He says legislators who support Dreamers can insist on their protection as part of any federal budget deal. But that is a tough sell for Republican leadership, Appleby says, noting that the G.O.P. has a vocal, highly restrictionist wing.
“Every day, 122 DACA recipients [become] exposed to deportation because their qualifications expire. So this is a very urgent issue,” Appleby says. “We haven’t seen any indication that they’re being deported immediately, but in due time that will occur. Dreamers will be deported to countries they do not know…. Every day that a deal is [put off] you’re going to make more young people go back into the shadows and live in fear.”
There is bipartisan support for protecting Dreamers. On Dec. 5, 34 Republicans sent a letter to Speaker Paul Ryan urging passage of some sort of legislative measure to benefit Dreamers before the end of the year. In October, a Marist Poll found that 83 percent of Americans—and 74 percent of Republicans—believed Dreamers should be allowed to remain the United States. Of those polled, 58 percent favored a path to citizenship.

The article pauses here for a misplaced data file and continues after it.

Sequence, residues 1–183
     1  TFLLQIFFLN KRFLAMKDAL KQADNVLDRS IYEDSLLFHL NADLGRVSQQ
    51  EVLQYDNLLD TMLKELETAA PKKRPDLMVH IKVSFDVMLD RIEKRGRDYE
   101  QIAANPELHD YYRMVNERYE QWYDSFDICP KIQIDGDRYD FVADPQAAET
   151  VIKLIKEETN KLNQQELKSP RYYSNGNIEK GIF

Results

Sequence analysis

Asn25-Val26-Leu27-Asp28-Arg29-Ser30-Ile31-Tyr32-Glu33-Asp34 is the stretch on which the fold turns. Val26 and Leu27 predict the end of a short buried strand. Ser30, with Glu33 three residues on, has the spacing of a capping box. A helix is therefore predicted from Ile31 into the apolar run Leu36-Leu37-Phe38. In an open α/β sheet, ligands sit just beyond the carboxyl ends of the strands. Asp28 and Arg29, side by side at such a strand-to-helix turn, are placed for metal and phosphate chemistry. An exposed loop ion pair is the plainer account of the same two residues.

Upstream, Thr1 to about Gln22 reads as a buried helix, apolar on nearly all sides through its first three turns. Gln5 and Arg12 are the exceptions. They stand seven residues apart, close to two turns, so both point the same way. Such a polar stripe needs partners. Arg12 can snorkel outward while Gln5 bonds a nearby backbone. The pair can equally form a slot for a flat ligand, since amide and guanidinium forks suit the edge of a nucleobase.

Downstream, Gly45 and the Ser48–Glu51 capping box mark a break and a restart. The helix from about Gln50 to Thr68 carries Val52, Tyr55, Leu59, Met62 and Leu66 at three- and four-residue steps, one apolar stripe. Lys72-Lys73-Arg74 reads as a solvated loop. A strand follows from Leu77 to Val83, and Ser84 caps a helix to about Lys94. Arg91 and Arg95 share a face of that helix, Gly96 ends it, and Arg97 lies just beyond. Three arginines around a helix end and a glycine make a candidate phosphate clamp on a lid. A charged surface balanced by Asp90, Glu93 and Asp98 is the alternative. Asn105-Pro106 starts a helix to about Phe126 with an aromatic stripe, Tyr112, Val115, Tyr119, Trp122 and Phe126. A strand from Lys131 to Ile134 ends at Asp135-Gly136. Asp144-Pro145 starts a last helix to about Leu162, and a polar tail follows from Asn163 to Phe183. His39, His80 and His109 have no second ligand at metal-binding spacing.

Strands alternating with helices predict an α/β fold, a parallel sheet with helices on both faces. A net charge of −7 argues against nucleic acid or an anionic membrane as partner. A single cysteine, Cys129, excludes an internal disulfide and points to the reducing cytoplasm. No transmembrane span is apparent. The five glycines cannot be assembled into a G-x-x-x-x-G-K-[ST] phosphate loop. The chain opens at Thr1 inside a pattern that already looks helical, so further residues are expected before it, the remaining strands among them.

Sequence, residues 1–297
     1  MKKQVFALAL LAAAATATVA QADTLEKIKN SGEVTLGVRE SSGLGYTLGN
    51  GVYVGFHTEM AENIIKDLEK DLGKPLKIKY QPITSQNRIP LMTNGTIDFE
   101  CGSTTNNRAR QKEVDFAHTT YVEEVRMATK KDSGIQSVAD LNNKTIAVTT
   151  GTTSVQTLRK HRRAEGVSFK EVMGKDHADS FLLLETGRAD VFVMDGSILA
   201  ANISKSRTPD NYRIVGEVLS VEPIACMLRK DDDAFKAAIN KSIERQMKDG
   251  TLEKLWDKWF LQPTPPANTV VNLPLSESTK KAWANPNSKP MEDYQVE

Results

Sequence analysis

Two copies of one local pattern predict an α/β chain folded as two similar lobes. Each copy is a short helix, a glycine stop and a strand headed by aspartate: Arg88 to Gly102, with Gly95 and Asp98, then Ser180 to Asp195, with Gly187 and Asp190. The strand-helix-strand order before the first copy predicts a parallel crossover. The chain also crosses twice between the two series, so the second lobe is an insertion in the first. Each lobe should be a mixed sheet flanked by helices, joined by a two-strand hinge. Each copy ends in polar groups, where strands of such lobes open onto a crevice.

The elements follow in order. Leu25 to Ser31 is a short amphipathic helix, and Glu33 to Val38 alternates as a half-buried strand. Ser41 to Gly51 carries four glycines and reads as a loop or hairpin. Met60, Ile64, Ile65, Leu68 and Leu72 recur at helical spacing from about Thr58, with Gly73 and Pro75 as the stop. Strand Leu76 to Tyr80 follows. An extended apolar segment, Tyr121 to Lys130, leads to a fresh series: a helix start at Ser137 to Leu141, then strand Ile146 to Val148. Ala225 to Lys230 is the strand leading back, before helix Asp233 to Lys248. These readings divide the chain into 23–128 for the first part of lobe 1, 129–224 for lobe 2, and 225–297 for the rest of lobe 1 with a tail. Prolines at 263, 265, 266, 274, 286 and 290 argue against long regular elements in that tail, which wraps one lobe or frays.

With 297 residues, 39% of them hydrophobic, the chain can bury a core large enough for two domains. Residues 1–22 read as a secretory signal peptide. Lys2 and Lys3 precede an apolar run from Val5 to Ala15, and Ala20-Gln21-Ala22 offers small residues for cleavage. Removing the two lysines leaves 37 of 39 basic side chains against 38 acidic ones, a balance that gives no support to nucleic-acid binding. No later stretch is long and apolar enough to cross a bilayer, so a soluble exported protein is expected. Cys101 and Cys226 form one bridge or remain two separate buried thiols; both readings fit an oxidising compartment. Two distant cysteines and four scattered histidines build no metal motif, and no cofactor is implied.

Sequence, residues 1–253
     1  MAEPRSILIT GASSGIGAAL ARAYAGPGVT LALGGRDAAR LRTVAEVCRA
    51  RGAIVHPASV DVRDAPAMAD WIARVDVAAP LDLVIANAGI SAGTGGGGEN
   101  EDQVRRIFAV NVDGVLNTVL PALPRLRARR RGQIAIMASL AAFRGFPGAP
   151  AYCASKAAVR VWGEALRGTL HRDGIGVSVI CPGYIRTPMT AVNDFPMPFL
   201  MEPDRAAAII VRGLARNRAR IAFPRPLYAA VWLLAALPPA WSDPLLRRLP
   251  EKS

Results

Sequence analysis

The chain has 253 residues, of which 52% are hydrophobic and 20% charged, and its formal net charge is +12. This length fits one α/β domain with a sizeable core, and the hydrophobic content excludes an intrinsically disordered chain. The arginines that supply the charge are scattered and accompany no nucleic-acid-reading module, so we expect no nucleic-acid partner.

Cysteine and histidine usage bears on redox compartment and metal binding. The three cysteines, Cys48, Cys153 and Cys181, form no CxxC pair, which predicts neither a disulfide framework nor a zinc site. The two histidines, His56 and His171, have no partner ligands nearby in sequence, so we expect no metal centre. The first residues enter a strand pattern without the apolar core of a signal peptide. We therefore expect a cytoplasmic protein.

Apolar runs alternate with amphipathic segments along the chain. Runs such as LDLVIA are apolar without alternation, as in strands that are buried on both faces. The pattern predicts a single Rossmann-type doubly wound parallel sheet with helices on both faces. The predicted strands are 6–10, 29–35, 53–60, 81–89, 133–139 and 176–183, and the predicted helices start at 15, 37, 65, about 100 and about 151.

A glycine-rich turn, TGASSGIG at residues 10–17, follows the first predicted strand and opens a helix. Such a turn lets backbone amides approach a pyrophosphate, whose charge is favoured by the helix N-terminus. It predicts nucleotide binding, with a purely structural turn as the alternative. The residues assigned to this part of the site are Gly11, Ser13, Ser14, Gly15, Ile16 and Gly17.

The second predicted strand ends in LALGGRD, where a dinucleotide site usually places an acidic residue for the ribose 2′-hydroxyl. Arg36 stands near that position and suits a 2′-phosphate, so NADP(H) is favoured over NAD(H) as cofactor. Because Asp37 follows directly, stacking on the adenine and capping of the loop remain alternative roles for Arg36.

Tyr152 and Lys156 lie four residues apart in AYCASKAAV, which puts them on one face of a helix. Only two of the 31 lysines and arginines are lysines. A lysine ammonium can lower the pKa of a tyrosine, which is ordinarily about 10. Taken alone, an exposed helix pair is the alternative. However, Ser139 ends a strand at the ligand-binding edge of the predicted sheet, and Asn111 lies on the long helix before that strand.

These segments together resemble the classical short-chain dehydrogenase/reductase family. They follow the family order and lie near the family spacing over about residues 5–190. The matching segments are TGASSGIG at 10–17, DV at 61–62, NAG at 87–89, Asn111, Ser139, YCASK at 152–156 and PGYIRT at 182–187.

“Every day that a deal is [put off] you’re going to make more young people go back into the shadows and live in fear.”
“We’re starting to see a growing chorus of individuals who are saying we have to come to the table and find a solution here,” says Ashley Feasley, director of migration policy and public affairs at the U.S. Conference of Catholic Bishops. Of the proposed measures, the U.S. bishops have been most supportive of the Dream Act, which has the broadest protection and a path to citizenship. As Ms. Feasley notes, the bishops have been advocating for the Dreamers since 2001.
“The bishops, following Catholic social teaching, do recognize the right of sovereign nations to protect their borders,” she says. “But right now, we’re in such a crunch period. People need to sit down and think about getting this done, getting to something that people can agree on.”